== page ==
Tuesday, June 26, 2012


The fact is.... I excitedly tell just about anyone who will listen about SavageMan. Well, not just any person on the street, but while I was hiking I told several hikers about it and that I was training for it during my "zero" days. The last night I was on the Trail, when I had been disillusioned and unhappy with it for about a hundred and fifty miles, I told a young man I was thinking of ending my hike. In addition to missing my husband, I wasn't going to make it to Maine in time to be home for SavageMan, and I really, really wanted to do SavageMan.

He was from Germany, here on a vacation visa to thru-hike the AT, and here I was saying I wanted to stop because of a triathlon. "Wow," he said. "That must be some triathlon. My dad does Ironmans. I'll have to tell him about this one."

What if I had been talking to him about Jesus?

I told hikers about SavageMan. I didn't tell any about Jesus. In the Berkshires of Massachusetts, I became a regular at the bike shop where I bought the tire after my Greylock-descent blowout. Got a tune-up and some repairs there. I told the owner about SavageMan on the day I bought the tire. Wrote down the URL for him to look it up himself and hopefully tell others. When I piked up my bike after the tune-up I told two separate customers. I was posting on the FB page of the Berkshire Bicycling Association, looking for ride companions and good hilly routes, and told them I was training for SavageMan. I talked it up with the guy I did the "double Greylock" with. (Actually, he told me about a great fundraising ride that he does, as well. He also mentioned his church. I didn't.)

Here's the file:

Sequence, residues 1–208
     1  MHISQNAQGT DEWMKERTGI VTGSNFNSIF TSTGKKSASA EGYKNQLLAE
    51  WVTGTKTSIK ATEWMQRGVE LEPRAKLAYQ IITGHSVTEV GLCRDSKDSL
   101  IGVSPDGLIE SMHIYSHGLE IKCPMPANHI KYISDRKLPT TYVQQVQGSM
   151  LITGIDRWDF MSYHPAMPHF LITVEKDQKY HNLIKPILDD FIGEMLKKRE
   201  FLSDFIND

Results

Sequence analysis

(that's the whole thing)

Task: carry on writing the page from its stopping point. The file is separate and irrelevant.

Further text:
It's like I am all about SavageMan and hope I can turn others on so they will want to see for themselves.

What if I demonstrated that kind of excitement about Jesus? What if I actually felt it?

No one tries to shut me up when I talk about SavageMan. They ask questions. They whistle in amazement when I tell them about the climbs, especially the 31% pitch of the Westernport Wall and how, if you make it up the hill without falling or putting a foot down, you get a brick laid in the road with your name engraved on it.

How about having your name written in the Book of Life?

If you talk about a triathlon, people might not want to do one themselves, but they are curious about what you are saying. They ask if you swim and bike, or what, and how far. They want to know how it works. Some want to know if it's to raise money for something (it is...melanoma. I don't raise money, but maybe someone I preach to will.)  People who already understand triathlon, who are bikers or runners or triathletes, want to know about the race course and course support and the organization.

But if you start talking about the Lord, people don't want to hear it. They write you off as a nut. They say, "Have a nice day."

But there may be the one that does want to hear.

Help me, Lord.

Monday, June 25, 2012


I guess I left everyone dangling after I stopped hiking.

First things first: I have not once wished I were still out there. I did comment to Steve that I miss sleeping outdoors right in the midst of the night sounds, but other than that, I have not for a second regretted my decision to stop being alone and spend the summer with him.

Ed back home (church pastor) said from the pulpit that he had a strong feeling that someone was going to come to know the Lord as a result of my hike. And maybe they already did. And if not, then maybe someone I meet biking or running or camping or in the grocery store or a parking lot or, who knows.